1.      Page 2, line 8 (A) APPOINTMENT – Change from 11 members to 9 members with three of those members appointed from Congressionally chartered Veteran Service Organizations (VSO).  Further, language needs to be added that directs “a quorum must consist of all nine members, and all official votes must be ratified by no less than two-thirds of the voting members.”  The next acceptable number of Commission members would be 12, with no less than 4 members appointed from Congressionally chartered VSOs. Additionally, a VSO seat on this commission must belong to the VSO, not the individual representing the VSO, and the VSO has sole authority to replace its representative at any time; any vacation of the seat shall be refilled by the VSO within 10 business days.

2.      Page 3, line 16 (A) veterans, reflecting current veteran demographics:  This needs to be further defined.  Reflecting current demographics of VA healthcare patient population is what The American Legion would recommend, as this would be the population most affected by future changes based on this initiative.

3.      Page 4, line 12 (E): “at least three members” needs to be increased to “at least four members” unless item 1 above is changed to nine members.

4.      Page 4, line 15 (d) Meetings – The Commission shall meet only during calendar years 2018 and 2019.  This should be amended to reflect 2018, 2019, and 2020 as needed.  It is widely believed that VA will need at least 18 months to complete the required healthcare market surveys before they will be ready to publish the selection criteria as outlined in section 403.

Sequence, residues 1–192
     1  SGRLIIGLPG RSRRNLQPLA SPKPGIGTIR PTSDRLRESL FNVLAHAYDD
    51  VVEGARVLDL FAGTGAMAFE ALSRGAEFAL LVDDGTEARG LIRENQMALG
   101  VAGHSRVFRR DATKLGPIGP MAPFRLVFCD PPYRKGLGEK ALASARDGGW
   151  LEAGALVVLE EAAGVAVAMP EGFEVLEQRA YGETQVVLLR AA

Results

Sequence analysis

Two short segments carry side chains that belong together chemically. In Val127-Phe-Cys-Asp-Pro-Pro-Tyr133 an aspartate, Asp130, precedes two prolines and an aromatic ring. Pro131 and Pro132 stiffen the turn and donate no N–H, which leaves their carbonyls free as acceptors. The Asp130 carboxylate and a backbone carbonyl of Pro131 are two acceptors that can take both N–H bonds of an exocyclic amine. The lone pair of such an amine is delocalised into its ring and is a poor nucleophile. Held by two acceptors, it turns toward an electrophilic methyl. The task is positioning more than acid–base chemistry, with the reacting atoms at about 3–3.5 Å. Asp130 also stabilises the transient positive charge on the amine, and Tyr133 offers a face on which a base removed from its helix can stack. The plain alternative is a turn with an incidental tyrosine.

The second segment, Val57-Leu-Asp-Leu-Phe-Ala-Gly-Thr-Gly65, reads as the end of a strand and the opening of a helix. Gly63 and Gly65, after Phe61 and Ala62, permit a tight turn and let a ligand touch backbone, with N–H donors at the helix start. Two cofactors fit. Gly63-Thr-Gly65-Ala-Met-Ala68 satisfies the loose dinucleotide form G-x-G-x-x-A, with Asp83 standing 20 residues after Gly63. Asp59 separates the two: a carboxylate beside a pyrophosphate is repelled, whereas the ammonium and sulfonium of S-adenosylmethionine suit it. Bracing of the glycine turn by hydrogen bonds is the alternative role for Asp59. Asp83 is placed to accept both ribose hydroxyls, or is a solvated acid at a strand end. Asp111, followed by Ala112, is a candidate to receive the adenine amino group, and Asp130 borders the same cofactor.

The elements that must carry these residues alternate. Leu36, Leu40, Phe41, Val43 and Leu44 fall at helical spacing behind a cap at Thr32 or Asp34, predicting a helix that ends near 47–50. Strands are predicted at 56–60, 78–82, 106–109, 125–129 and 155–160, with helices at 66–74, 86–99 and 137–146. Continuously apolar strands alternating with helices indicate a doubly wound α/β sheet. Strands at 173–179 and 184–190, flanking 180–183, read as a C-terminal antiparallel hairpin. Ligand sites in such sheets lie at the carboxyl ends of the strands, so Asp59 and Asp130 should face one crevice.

5.      Page 6, line 16 (f) PAY AND TRAVEL EXPENSES – The American Legion understands that the members to be selected for this Commission would represent multimillion dollar organizations as well as other senior executives who should be well capable of serving at the pleasure of Congress for the sole purpose of volunteering, pride, patriotism, and the prestige of serving on this important Commission.  It is for this reason The American Legion opposes Committee members being paid or being enriched in any way as a result of serving on this Commission, and that includes the Chair as outlined on page 7, line 3 (B).  This is not, however, our position on the fulltime support staff as described on page 8 line 7 (2) RATE OF PAY.

6.      Page 9, line 13 (C):  Strike this section unless there is some prohibition as outlined in the Federal Advisory Committee Act.[1]  If this Commission were fortunate enough to have an appointee that had been instrumentally involved in this process as an employee at VA within 12 months of appointment, The American Legion is at a loss to understand the logic of how this could possibly present a conflict.  On the other hand, contractors who would be in a positon to benefit financially from the outcome of the Commission’s work should be excluded.

7.      Page 14, line 1 (H): Remove this clause. The Secretary has no experience or access to information that would qualify him to make any such determination on any other than his own agency.